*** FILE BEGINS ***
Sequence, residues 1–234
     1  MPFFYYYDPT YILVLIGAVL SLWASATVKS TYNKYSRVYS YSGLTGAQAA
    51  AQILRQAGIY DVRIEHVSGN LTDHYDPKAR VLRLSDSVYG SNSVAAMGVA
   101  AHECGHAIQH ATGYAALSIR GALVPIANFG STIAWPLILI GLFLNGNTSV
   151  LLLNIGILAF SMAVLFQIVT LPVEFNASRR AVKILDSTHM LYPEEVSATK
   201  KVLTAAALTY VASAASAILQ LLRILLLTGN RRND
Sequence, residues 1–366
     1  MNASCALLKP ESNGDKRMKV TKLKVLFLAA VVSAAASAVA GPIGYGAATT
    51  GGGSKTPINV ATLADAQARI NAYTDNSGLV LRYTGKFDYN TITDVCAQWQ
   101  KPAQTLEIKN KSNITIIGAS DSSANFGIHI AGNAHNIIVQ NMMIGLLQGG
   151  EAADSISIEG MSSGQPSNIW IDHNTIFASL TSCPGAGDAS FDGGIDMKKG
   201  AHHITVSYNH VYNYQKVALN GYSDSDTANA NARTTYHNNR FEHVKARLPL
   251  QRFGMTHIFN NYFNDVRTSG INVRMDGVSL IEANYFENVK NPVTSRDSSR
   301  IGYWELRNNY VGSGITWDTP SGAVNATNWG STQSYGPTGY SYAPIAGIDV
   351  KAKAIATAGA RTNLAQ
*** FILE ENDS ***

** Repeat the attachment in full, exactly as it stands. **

Sequence, residues 1–234
     1  MPFFYYYDPT YILVLIGAVL SLWASATVKS TYNKYSRVYS YSGLTGAQAA
    51  AQILRQAGIY DVRIEHVSGN LTDHYDPKAR VLRLSDSVYG SNSVAAMGVA
   101  AHECGHAIQH ATGYAALSIR GALVPIANFG STIAWPLILI GLFLNGNTSV
   151  LLLNIGILAF SMAVLFQIVT LPVEFNASRR AVKILDSTHM LYPEEVSATK
   201  KVLTAAALTY VASAASAILQ LLRILLLTGN RRND
Sequence, residues 1–366
     1  MNASCALLKP ESNGDKRMKV TKLKVLFLAA VVSAAASAVA GPIGYGAATT
    51  GGGSKTPINV ATLADAQARI NAYTDNSGLV LRYTGKFDYN TITDVCAQWQ
   101  KPAQTLEIKN KSNITIIGAS DSSANFGIHI AGNAHNIIVQ NMMIGLLQGG
   151  EAADSISIEG MSSGQPSNIW IDHNTIFASL TSCPGAGDAS FDGGIDMKKG
   201  AHHITVSYNH VYNYQKVALN GYSDSDTANA NARTTYHNNR FEHVKARLPL
   251  QRFGMTHIFN NYFNDVRTSG INVRMDGVSL IEANYFENVK NPVTSRDSSR
   301  IGYWELRNNY VGSGITWDTP SGAVNATNWG STQSYGPTGY SYAPIAGIDV
   351  KAKAIATAGA RTNLAQ